When she went for breast cancer surgery, she told her doctors that she didn’t want to take opioids. Instead, “I brought my edibles to the hospital.”

    She wanted to avoid opioids not because she was afraid of relapsing, but because of side effects like constipation. But the hospital didn’t make it easy for her. “After the mastectomy I said, ‘I don’t need opioids, I’m going to use edibles. They said, ‘You will go home with opioids.’” While at the hospital, her dispensary website was blocked.

    She was hospitalized many times, and sometimes, the pain was so bad—such as when wounds were being packedthat she needed Dilaudid. “It’s always a balance,” she said. She still has chronic pain from the radiation and the mastectomy, and edibles “make such a difference.”

    Because Kane-Willis has worked in drug research for so long, she was adamant about insisting on medical marijuana. She did research, and her oncologist provided the recommendation (in Illinois, patients must have a relationship with the doctor concerned, unlike the web-based situation in New York).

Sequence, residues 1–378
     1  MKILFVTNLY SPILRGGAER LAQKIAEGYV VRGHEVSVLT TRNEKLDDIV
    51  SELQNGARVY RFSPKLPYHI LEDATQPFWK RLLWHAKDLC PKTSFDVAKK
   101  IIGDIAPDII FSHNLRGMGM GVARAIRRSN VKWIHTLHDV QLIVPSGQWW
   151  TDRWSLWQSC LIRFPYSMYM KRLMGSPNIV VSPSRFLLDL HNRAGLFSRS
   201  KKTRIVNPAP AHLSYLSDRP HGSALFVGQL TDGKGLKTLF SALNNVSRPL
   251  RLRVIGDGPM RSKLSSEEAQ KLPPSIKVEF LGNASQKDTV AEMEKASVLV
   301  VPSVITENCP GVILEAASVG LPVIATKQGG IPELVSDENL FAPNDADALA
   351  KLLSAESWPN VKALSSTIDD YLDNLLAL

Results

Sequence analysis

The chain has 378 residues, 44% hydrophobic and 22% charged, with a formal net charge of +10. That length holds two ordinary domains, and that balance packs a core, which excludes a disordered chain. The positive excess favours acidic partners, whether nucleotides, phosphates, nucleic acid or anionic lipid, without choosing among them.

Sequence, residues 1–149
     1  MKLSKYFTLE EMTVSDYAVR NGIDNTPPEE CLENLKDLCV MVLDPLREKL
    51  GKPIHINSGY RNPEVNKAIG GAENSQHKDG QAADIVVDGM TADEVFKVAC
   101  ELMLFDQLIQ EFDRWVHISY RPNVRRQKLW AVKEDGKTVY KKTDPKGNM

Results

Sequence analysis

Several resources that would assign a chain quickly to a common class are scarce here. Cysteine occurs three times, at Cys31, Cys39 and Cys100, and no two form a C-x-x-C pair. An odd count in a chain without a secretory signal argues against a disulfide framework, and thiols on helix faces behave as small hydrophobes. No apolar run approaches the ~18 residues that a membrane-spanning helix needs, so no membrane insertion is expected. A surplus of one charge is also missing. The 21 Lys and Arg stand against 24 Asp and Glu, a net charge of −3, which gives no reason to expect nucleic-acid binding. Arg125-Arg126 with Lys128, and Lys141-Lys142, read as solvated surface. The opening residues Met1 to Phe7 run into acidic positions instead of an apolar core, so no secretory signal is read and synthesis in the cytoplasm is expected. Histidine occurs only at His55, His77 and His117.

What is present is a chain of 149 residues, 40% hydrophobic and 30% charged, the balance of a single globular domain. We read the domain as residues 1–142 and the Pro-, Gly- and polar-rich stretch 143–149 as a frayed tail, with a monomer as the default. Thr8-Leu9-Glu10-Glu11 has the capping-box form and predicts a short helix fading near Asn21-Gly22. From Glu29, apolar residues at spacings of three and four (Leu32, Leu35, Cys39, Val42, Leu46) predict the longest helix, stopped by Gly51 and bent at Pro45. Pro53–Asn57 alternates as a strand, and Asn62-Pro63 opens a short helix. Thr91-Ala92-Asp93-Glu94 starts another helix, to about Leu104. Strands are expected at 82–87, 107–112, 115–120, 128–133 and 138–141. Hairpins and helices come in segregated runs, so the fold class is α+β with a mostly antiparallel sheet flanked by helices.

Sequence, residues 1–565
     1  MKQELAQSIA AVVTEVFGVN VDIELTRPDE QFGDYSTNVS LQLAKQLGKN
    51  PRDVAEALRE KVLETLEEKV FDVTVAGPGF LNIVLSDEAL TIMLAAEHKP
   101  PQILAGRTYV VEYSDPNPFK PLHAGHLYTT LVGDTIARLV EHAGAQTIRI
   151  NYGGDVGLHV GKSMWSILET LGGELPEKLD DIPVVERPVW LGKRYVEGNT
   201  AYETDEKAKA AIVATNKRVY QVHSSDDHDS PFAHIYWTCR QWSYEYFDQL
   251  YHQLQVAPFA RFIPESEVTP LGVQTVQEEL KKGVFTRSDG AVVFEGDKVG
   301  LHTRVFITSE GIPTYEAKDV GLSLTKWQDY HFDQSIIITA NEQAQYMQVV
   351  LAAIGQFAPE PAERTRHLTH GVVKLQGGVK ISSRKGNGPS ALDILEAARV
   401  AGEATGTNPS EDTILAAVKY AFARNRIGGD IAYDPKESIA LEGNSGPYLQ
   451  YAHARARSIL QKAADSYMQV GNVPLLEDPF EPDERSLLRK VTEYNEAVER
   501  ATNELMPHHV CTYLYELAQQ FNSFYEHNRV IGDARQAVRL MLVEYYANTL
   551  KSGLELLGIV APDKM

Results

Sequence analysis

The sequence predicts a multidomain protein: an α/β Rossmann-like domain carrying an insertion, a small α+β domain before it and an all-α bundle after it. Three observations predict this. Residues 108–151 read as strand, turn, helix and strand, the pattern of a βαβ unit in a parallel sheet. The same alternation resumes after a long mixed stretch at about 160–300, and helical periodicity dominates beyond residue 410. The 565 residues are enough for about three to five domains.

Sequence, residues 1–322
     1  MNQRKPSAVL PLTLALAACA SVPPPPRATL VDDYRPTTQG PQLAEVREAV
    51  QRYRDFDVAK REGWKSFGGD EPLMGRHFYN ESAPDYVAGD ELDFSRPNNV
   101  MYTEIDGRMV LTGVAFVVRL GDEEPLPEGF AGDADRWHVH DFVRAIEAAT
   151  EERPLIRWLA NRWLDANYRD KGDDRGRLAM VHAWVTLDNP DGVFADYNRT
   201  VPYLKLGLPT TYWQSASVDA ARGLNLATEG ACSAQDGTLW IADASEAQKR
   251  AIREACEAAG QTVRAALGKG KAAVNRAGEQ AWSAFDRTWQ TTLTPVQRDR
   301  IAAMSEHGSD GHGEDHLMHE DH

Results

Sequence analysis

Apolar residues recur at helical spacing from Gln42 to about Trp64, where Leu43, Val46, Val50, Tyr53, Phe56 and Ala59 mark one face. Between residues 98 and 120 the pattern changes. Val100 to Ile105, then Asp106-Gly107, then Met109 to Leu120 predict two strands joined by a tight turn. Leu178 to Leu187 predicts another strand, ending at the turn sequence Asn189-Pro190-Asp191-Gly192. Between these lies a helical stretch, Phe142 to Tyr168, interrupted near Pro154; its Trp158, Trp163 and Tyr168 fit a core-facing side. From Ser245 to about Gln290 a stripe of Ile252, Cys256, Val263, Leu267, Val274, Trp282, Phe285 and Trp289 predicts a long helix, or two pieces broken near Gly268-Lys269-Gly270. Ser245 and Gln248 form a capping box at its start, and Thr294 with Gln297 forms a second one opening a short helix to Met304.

Kane-Willis pointed out that marijuana can make it easier to laugh. “We need more laughter in our lives,” she said.

    Not everybody feels so positive about cannabis. Carlyn from Canada, for example, takes Tramadol for pain, and has a prescription for medical marijuana to keep the opioid level down (Tramadol can be toxic if the dose is even a little too high). She doesn’t like cannabis, she told Filter, because it makes her feel “numb,” and doesn’t help her to sleep.

    She said that many people eligible for OUD diagnoses may use marijuana, “but they’re not using it to manage craving so much as to feel better.” In fact, many people who use marijuana recreationally may really be using it medically, she pointed out. “The line between medical and recreational is very blurry.”


     

    Photo by Sharon McCutcheon on Unsplash.

     

    • Alison Knopf

      Alison has written about substance use for more than 30 years. She has also written for many years about medical coding. A freelance writer, she is also the editor of Alcoholism & Drug Abuse Weekly, and managing editor of Child & Adolescent Psychopharmacology Update and Child & Adolescent Behavior Letter—all published by WILEY. She also writes for Addiction Treatment Forum.